On June 24, the U.S. Supreme Court announced their much-awaited opinions in the trilogy of honest services fraud (HSF) cases of Skilling v. United States, Black v. United States and Weyhrauch v. United States. Using Skilling to issue their principal opinion, the Supreme Court narrowed the reach of the federal honest services fraud statute, 18 U.S.C. Section 1346, to include only "core" criminal offenses of bribery and kickbacks involving breach of a fiduciary duty. The result in Skilling was to save the HSF law, which seeks to punish criminal breaches of the intangible duty of honest services, from being declared unconstitutionally void-for-vagueness as was urged by three dissenting justices.
The Court's opinion comes after years of litigation in lower federal courts in which courts struggled to fashion limiting principles to confine the potentially vast reach of the HSF law, which threatened to criminalize conduct such as employees falsely calling in sick from work. The opinions come in the wake of Justice Scalia's lament after the Supreme Court's 2009 denial of certiorari in Sorich v. United States that the law of honest services fraud was "in chaos" and failed to provide constitutionally adequate notice of precisely what conduct violated federal criminal law.
The Court's majority opinion imperils some existing convictions based on more exotic theories of criminal liability under the HSF law, such as convictions for violations of common law duties arising from non-disclosure of conflicts of interest. It will raise issues in individual cases about the adequacy of jury instructions that were given at trial.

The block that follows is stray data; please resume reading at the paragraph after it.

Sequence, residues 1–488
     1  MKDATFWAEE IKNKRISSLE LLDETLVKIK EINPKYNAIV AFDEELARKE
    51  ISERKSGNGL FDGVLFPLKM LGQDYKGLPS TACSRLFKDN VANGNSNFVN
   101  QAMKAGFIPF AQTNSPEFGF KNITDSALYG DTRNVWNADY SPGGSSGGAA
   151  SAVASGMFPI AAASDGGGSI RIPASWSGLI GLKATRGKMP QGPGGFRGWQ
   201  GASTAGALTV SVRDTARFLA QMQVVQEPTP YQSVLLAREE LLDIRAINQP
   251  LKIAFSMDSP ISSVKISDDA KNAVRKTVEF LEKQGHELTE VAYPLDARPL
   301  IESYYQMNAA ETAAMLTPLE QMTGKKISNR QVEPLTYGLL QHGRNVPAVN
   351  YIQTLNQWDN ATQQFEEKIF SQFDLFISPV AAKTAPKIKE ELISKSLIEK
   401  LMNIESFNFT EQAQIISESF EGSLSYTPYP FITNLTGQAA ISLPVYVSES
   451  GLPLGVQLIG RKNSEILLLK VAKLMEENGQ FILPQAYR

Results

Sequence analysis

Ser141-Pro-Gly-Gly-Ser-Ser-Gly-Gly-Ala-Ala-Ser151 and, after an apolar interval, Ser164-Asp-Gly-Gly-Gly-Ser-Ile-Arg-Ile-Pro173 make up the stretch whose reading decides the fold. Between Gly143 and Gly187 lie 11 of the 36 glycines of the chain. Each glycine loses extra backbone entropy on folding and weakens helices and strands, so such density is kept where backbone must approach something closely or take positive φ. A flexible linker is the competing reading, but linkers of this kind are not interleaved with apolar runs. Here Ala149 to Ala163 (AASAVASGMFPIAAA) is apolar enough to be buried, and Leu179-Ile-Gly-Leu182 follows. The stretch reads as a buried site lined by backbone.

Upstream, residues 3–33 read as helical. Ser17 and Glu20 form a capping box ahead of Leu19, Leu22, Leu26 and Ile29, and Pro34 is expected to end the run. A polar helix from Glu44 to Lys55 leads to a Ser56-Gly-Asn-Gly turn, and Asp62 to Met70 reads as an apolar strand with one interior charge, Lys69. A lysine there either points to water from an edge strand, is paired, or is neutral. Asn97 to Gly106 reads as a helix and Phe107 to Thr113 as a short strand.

Additionally, in Skilling for example, the defendant was convicted of a conspiracy that had three objects, one of which was a flawed HSF theory, and certain other counts. The Supreme Court remanded Skilling to the Court of Appeals to determine whether the conspiracy conviction on other theories can stand under the harmless error doctrine, and whether the flawed HSF theory also undermined the sustainability of the remaining counts of conviction. Among the other questions to be answered in the wake of Skilling is whether the opinion will be given retroactive effect, which would allow habeas petitions for relief from long-since-final HSF convictions.
Perhaps principal among the issues raised by Skilling will be how lower courts will instruct juries on what conduct constitutes "bribery" and "kickbacks." In holding that only these "core" violations will suffice for honest service fraud, the Court referred to the federal bribery, program fraud and anti-kickback statutes. In many HSF cases, however, these federal laws do not apply for various reasons, which is why federal prosecutors sought to expand the federal HSF law in the first instance. State statutory and common law have different formulations of these offenses. Skilling has left the lower federal courts with the task of defining precisely what these offenses are, which may turn out to be surprisingly difficult.
For legal scholars, Skilling reveals what can happen when Congress and the government, reluctant to directly address the federalism concerns presented by passing a federal criminal law that explicitly targets state and local political corruption, instead adopt a hazy statute that prohibits breaches of the intangible duty of honest services. For defense counsel, Skilling might be the "second best" opinion they could have hoped for, since the HSF statute was pared down but was not declared wholly unconstitutional. For federal prosecutors, Skilling could have been worse.
Jeremy D. Frey and Frank C. Razzano
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